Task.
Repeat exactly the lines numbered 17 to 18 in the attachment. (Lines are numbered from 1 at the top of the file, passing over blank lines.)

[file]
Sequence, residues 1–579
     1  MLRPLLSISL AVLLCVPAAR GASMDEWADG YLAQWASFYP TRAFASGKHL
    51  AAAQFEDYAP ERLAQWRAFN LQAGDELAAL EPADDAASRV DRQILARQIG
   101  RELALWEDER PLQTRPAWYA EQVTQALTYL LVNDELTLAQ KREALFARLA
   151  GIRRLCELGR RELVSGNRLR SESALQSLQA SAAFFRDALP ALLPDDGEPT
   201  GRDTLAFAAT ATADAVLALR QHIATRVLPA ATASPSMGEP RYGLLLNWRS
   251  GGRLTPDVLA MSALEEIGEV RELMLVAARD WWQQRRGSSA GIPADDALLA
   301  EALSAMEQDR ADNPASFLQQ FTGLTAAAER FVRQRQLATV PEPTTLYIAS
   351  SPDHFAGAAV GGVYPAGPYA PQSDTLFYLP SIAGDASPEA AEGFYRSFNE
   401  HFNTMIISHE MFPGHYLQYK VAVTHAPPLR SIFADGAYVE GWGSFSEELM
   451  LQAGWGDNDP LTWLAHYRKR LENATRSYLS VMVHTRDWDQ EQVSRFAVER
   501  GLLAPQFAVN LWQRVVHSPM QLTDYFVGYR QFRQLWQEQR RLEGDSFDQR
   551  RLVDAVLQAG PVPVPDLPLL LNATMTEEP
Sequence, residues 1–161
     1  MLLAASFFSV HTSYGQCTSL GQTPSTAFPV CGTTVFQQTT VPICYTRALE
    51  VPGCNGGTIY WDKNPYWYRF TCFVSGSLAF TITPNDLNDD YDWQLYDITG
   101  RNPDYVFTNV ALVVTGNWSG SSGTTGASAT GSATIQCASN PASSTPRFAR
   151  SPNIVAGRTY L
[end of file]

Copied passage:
   101  RNPDYVFTNV ALVVTGNWSG SSGTTGASAT GSATIQCASN PASSTPRFAR
   151  SPNIVAGRTY L